have him make it a habit to Always use the Foot Brake to come to a Full Stop, and to use the throttle advanced "just barely", so the engine is pulling a tiny bit, but not hard enough to want to accelerate.

Modulate the Foot Brake to get a feel for how it will effect the bike at very slow speeds of less than 3 mph, I can approach a stop sign so slow, the Speedometer is on ZERO.

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I knew he didn't have experience. Riders don't ask the type of questions you ask. It was obvious and I meant no harm. If I might add rear view mirrors can save your life. Many bikers are killed by not paying attention what's around them. Good luck and many miles.
 

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Like many have said, get the service records or be prepared to do a lot of preventive maintenance work. timing belts, alternator brushes, final drive, rear drive wheel splines, vacuum hoses, shifter seal, fork seals, whel bearings many rubber parts and just other parts on the bike that wear out.
 

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We have always dreamed of owning a GW. A retailer has the 1994 with 154k miles for sale at $3k. Hubby said that's a great buy and we will get many years of enjoyment. I am concerned about the miles. What do you say?
I just sold my 99SE without the seat for $1k, and bought a 99Aspy with 72K miles for $3K so be careful, if you check around with your local papers, Facebook GoldWing sites, and other motorcycle outlets you should be able to get a lot newer Wing with half the miles for the same price!
 

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We have always dreamed of owning a GW. A retailer has the 1994 with 154k miles for sale at $3k. Hubby said that's a great buy and we will get many years of enjoyment. I am concerned about the miles. What do you say?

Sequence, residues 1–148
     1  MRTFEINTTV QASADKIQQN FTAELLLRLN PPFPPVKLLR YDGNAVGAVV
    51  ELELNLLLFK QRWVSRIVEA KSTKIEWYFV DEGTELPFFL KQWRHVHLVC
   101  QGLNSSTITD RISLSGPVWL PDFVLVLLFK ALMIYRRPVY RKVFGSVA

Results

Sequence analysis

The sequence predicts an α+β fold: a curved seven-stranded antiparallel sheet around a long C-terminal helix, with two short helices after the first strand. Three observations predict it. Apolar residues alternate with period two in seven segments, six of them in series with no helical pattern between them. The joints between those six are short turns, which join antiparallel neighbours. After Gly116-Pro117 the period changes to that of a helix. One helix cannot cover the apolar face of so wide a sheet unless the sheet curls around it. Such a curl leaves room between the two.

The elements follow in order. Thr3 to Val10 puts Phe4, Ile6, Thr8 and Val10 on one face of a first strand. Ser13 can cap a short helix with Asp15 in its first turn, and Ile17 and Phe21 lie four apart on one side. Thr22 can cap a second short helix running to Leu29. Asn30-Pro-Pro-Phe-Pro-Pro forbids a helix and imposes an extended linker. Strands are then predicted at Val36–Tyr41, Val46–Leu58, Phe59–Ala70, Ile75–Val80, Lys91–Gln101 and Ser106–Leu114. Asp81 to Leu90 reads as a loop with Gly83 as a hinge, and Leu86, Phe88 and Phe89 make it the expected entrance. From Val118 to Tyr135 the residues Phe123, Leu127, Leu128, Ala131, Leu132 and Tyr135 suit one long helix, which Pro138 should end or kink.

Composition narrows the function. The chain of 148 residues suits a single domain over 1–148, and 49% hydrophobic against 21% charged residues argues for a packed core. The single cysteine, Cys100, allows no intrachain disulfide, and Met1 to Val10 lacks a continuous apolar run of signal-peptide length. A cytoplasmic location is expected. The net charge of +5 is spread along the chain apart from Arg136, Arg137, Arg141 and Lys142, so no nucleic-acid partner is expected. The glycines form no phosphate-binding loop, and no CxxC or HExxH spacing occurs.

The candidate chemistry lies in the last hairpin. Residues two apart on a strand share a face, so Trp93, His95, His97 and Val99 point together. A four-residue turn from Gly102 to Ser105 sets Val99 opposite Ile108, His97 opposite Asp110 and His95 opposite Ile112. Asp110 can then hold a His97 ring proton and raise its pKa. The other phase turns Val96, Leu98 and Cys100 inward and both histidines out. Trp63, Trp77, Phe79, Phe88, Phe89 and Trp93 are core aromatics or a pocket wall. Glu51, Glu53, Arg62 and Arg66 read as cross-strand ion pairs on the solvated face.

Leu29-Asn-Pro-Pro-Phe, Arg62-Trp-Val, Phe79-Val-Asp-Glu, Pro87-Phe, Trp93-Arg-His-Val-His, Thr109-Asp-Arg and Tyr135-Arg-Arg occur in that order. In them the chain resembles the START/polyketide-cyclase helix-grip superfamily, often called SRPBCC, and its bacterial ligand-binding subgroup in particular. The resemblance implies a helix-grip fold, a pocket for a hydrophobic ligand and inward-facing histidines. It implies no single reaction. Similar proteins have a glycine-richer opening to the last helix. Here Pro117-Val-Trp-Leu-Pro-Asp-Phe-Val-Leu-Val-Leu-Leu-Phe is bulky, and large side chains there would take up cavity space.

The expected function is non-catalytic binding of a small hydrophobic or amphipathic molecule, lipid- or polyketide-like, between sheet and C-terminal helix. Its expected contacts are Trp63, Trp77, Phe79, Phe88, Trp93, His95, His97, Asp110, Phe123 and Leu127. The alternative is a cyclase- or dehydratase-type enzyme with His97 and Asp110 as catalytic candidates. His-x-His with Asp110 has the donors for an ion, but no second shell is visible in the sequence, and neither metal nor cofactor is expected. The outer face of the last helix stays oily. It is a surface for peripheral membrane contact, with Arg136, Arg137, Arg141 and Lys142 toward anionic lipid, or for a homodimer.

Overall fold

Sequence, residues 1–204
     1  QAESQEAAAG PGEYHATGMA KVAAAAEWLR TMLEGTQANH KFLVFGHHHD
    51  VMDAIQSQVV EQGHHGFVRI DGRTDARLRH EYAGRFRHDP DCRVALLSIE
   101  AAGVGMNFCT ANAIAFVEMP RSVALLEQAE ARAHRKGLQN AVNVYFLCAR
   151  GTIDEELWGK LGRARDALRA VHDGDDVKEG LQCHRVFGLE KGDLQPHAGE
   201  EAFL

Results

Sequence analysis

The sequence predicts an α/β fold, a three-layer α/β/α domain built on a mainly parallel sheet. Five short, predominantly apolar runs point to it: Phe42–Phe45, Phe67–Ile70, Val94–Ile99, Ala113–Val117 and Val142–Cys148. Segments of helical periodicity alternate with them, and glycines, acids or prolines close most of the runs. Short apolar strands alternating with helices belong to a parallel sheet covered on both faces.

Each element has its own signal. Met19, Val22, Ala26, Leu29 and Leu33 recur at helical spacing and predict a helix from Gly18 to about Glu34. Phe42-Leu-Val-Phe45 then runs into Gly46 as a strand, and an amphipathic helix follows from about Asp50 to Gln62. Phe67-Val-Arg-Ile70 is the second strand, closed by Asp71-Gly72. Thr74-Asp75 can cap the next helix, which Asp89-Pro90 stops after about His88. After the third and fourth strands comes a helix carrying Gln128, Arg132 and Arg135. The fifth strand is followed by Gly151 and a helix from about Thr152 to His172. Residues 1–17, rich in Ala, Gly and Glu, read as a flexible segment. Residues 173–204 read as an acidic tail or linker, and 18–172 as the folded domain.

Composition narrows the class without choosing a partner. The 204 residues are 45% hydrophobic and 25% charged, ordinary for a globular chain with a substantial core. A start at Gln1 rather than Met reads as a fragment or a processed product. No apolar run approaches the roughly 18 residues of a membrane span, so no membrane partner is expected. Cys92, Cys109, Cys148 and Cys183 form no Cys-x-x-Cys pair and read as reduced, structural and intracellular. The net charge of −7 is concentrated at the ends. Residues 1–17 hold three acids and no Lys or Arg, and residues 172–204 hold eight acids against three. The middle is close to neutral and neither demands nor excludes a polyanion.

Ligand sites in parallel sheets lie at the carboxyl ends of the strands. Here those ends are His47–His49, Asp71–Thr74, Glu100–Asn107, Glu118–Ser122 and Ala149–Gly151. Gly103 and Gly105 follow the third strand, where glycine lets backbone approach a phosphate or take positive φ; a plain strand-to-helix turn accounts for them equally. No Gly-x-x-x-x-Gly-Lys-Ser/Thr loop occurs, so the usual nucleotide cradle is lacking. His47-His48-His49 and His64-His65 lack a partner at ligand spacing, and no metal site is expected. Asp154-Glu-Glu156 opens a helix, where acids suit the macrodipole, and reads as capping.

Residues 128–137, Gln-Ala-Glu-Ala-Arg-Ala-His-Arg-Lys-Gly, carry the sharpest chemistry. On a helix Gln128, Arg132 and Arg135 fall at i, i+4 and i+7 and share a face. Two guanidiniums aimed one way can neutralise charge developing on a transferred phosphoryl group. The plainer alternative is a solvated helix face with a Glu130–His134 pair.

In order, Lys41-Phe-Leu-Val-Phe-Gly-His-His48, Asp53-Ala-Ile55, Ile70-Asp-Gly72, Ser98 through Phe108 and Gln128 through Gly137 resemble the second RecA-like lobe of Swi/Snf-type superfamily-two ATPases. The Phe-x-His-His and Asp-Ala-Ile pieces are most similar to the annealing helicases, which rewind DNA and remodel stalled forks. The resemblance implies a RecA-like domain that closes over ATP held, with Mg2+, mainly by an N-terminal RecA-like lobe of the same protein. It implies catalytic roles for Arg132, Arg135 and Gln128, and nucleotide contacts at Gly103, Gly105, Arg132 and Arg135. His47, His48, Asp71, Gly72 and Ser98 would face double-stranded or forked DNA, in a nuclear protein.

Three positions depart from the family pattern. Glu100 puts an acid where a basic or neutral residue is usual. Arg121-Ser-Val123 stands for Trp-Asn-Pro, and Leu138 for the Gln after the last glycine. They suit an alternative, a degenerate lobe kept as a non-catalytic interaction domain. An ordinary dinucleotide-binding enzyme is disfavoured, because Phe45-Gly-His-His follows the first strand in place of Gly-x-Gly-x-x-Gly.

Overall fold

;)Like many have already stated, the Honda GoldWings are great and probably the best for comfort and longevity. (I've put close to 300K on my last two and on my third one now) Like all vehicles, cars or otherwise, they require preventative maintenance and occasional repair. Considering your potential purchase with only 154K miles, should you ride 10K miles per year, you can expect to get another 10 to 15 years of great riding experience out of it and much more if you ride less which most people do. As previously mentioned, 300K isn't uncommon for a "GoldWing" if taken care of and not hot-rodded or abused. (They are not a "Rice-Rocket") There are also many of us "Old Timers" who do our own maintenance and repair who will gladly help you throughout your lifetime should you ask? Good luck and enjoy your new ride.
 

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We have always dreamed of owning a GW. A retailer has the 1994 with 154k miles for sale at $3k. Hubby said that's a great buy and we will get many years of enjoyment. I am concerned about the miles. What do you say?
Where are you? I have a 2000 Goldwing, just over 100K miles, and may be selling soon.
 

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We have always dreamed of owning a GW. A retailer has the 1994 with 154k miles for sale at $3k. Hubby said that's a great buy and we will get many years of enjoyment. I am concerned about the miles. What do you say?
That sounds like a very high price. I bought my 97 Apencade two years ago from a buddy of mine who was the original owner. It had 24K miles on it. I got it for $1500. The bike was mint. Here in NY, people don't ride bikes in the winter so you can find low-miles bikes cheap, just like buying a car with no rust - you find then down south.
 

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agree, but realize parts are getting harder to find. used parts are out there. like fuel pump about $150.00 ebay 3 months from japan/china
 

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Sounds to me like you and your husband got a fair deal. Enjoy.

But, I hope I never run into a 24k mile, late model, mint 1500 for $1500. I don’t need a third Wing.

I hope you were not laughing all the way down the driveway.

I drive past a 1500 frequently, that is sitting outside, tipped to the left, uncovered, here in the winter. Sad.